. Maybe you could bribe The Dragon
or some of the other Mooks
into helping you out. In any case, a lot of trouble could've been avoided if the villain had thought to gag him.
Compare Talking Your Way Out
, the supertrope describing all means of getting out of trouble with words. Also Compare Hannibal Lecture
, a fellow subtrope, which is when someone is taken captive with the intention of being broken through interrogation, only to break their captor instead.
Not a subtrope of Bound and Gagged
Anime and Manga
- Inverted in Fullmetal Alchemist when the heroes have Pride captured, but unwittingly allow him to tap out his exact coordinates in Morse Code using Al's head.
- Empowered: Our heroine finds herself in this position quite a lot, though she sometimes accidentally reminds the baddies to apply a gag. At one point, she tells her captor that he needs to get to a hospital, right away. She's NOT bluffing, and manages to save his life. She's later seen in the waiting room later with his wife and daughter, no longer tied up. Sometimes, there's a reason to listen to the people you forgot to gag.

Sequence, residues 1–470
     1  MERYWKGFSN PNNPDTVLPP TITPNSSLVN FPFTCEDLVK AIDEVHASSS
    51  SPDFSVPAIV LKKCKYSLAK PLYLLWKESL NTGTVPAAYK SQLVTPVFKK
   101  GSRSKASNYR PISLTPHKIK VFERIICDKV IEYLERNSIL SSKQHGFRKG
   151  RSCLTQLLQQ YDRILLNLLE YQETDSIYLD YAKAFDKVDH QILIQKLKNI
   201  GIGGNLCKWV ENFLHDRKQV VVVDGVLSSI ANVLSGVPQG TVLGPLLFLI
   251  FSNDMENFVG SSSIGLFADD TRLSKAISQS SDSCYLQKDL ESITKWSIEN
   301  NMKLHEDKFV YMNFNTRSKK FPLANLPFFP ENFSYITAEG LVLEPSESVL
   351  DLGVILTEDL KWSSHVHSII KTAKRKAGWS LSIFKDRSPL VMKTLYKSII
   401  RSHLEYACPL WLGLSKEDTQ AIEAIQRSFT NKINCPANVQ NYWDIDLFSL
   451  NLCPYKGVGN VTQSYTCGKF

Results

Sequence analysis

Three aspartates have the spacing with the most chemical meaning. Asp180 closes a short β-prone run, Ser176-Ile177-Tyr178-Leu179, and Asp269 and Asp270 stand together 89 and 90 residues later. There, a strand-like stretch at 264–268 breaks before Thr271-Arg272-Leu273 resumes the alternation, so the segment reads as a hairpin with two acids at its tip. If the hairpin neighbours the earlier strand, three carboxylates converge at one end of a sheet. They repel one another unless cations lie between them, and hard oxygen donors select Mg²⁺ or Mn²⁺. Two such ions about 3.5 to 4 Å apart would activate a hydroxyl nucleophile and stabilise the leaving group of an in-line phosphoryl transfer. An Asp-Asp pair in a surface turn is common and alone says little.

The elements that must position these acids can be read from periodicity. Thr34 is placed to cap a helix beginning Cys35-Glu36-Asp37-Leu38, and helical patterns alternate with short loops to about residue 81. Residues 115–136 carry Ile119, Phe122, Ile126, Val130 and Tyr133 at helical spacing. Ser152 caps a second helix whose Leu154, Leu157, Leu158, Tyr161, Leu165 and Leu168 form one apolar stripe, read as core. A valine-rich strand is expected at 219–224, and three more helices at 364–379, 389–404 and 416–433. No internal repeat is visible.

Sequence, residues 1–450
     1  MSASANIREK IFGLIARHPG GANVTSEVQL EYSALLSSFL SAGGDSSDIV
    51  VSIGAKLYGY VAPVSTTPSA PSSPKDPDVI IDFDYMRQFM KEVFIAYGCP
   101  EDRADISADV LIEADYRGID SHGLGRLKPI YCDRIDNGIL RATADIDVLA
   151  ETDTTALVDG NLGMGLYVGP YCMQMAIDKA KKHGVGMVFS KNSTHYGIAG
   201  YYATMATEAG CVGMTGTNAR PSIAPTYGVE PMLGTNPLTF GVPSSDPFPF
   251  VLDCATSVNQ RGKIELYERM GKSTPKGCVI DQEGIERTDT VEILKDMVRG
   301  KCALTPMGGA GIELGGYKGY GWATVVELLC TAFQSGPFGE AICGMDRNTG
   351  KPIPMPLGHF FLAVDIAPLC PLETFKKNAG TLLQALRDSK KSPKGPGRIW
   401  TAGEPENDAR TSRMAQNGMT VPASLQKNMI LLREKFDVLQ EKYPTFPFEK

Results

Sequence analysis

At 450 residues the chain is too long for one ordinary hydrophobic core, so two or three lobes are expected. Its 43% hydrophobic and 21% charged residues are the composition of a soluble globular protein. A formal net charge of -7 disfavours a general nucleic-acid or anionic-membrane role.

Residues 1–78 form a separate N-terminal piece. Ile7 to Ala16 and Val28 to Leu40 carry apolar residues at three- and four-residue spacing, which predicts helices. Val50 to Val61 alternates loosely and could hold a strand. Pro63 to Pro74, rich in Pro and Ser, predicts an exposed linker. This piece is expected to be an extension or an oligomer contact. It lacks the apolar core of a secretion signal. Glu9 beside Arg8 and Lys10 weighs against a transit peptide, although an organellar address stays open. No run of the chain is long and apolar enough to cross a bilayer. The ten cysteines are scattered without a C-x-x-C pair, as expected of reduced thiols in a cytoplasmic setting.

- Lyra Silvertongue from His Dark Materials got her nickname by pulling this off - after being captured by the armored bears, she ingratiates herself with them, luring their leader into a false sense of confidence, ultimately leading to his downfall in a duel.
- Miles from Vorkosigan Saga manages to Heel–Face Turn so many people with his sheer gift of the gab that one Admiral qualifies for 'Dangerously Genre Savvy' solely by virtue of instructing his men to cut out his tongue if he tries to speak. It still doesn't save him from getting talked into turning sides later...